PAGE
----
There has been a lot of speculation about what will happen to house prices in the months ahead. The general consensus is they will fall, but industry professionals remain divided over how far they will slide, and what sort of a recovery will be witnessed. The house price reports have been mixed recently. The Halifax report for April showed that prices were down 0.6% on the month. The Rightmove update showed a 0.2% decline in April, while the Nationwide reading showed 0.7% growth in April. Mortgage approvals tumbled from 74,000 in February – the highest since March 2016 – to 56,000 in March, the lowest level in seven years. The mortgage data would suggest there was a huge fall in demand, but that could be a function of some banks cutting back on the number of mortgages being offered. Seeing as unemployment is tipped to jump, it is fair to say that property demand is likely to wane in the near-term.
For all the doom and gloom doing the rounds, there has been some positive news stories. Vistry, formerly Bovis Homes, was the first of the big housebuilders to return to work as operations resumed last week. Taylor Wimpey and Persimmon also recommenced work in the same period. Bellway began phased work on Monday. Barratt Developments will start preparations for new working guidelines next week, while Redrow will start preparing sites for the new working conditions too, with the view to reopening approximately 50% of sites in the near-term. Barratt, Bellway and Redrow were the only firms of the bunch to confirm that customer interest has been mediocre since the health emergency struck.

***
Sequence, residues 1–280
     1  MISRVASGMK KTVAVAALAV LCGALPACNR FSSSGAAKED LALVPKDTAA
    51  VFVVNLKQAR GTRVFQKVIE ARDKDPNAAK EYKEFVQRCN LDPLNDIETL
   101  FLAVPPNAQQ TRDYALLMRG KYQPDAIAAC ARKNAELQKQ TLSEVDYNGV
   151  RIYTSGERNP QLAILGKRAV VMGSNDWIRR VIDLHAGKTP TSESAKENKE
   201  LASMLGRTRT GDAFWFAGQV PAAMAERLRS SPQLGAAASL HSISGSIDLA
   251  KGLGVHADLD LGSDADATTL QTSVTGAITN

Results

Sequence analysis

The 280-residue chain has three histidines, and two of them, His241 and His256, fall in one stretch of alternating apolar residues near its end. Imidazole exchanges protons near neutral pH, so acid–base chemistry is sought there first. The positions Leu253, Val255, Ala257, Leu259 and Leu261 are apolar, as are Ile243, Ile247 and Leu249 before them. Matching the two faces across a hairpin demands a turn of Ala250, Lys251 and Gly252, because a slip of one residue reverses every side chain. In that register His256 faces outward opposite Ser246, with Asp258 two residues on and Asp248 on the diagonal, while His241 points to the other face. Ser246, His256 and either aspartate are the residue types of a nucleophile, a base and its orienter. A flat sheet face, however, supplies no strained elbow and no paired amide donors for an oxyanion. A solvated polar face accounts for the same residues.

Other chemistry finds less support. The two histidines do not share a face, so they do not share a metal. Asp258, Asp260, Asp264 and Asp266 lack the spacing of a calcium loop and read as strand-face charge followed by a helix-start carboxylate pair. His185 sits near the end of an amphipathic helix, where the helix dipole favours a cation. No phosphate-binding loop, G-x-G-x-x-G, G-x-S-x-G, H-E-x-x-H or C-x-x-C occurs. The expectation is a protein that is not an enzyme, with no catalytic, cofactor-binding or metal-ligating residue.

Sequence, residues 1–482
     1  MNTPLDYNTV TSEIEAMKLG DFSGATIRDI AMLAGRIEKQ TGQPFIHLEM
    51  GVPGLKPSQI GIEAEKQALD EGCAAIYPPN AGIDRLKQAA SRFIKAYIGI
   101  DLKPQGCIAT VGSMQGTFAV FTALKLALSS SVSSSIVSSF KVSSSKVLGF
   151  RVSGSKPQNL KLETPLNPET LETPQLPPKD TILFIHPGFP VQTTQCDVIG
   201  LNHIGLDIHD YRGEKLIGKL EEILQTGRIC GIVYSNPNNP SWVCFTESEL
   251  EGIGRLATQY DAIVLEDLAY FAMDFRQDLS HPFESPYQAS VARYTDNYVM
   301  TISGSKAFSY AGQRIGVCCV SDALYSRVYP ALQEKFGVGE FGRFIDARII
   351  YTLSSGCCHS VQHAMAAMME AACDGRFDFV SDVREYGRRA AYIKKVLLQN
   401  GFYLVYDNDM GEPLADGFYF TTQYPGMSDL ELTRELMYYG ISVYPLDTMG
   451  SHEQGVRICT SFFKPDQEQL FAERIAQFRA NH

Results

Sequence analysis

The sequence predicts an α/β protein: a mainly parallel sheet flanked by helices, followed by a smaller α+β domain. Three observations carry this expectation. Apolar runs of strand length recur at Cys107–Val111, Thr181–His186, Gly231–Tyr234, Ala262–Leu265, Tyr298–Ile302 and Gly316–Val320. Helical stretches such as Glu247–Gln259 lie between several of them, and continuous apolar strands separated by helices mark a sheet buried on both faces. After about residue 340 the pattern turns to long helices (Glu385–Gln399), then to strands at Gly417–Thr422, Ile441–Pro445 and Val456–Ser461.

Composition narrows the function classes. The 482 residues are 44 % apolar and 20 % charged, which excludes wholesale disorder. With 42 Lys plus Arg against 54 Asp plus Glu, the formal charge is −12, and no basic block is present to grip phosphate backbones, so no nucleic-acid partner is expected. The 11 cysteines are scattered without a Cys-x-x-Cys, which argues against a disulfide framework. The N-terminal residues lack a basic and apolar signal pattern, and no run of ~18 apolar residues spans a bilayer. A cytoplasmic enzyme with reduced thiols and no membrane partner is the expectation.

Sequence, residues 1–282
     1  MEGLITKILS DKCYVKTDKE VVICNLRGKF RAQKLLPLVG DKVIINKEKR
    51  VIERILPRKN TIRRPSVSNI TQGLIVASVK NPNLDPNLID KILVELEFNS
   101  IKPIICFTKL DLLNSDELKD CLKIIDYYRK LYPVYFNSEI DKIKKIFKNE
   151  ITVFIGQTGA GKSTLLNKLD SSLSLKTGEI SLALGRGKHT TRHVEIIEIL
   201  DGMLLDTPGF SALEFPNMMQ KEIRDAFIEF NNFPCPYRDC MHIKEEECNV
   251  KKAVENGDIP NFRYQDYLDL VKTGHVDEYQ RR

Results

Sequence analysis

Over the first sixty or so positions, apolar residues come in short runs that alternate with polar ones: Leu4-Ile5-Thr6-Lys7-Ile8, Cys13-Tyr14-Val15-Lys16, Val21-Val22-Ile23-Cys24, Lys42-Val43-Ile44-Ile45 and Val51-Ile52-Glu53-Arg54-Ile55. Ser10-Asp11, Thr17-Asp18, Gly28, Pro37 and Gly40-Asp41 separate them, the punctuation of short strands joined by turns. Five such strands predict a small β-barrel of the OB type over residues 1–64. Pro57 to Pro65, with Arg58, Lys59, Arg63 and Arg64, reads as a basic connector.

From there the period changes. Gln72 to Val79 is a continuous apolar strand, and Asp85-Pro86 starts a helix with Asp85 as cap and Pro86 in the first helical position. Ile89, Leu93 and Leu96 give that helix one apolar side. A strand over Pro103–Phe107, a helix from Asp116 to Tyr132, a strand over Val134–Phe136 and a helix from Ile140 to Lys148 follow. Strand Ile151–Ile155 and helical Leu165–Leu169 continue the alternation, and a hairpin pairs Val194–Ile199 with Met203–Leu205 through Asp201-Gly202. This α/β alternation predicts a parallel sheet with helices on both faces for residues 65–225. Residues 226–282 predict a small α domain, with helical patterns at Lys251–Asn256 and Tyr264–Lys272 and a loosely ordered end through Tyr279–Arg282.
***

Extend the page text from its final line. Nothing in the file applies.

The firms will be adhering to strict social distancing guidelines, and they will be predominantly focusing on projects that are near completion. The level of activity that will be undertaken in the next few months is likely to be tiny in comparison to the pre-pandemic levels, but any progress should be welcomed. These days if you are taking any steps back toward normality, that sets you apart from the crowd.
On a year-to-date-basis, Berkeley Group are the best performer as the stock is down only 16%. Vistry are the worst performer as the stock is down 42%, but keep in mind it rallied over 60% in 2019, when it was still known as Bovis Homes. The group changed its name to Vistry in January just after it completed the takeover of Linden Homes, the housebuilding arm of Galliford Try. It is possible that Vistry’s underperformance was driven by the fact it finalised a £1.1 billion takeover deal, shortly before the health crisis struck
Berkeley Group share price comparison chart
Source: CMC Markets
The industry was very strong in advance of the health emergency, and some people would say it was overstretched. On average, the big six homebuilders saw their share price fall by 28% YTD, while the FTSE 100 and the FTSE 250 are down 22% and 27% respectively. The sector is only starting to emerge from the lockdown. It is encouraging to see that activity has restarted, but the real test will be whether client demand bounces back or not. Some industries are likely to remain in the doldrums in the near term, so the housebuilding sector is moving in the right direction, which is likely to pop up on traders’ radars.